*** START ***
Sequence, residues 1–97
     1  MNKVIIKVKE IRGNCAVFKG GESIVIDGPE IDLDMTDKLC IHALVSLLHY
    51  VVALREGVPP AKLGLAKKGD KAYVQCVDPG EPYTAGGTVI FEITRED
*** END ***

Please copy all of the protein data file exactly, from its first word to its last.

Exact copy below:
Sequence, residues 1–97
     1  MNKVIIKVKE IRGNCAVFKG GESIVIDGPE IDLDMTDKLC IHALVSLLHY
    51  VVALREGVPP AKLGLAKKGD KAYVQCVDPG EPYTAGGTVI FEITRED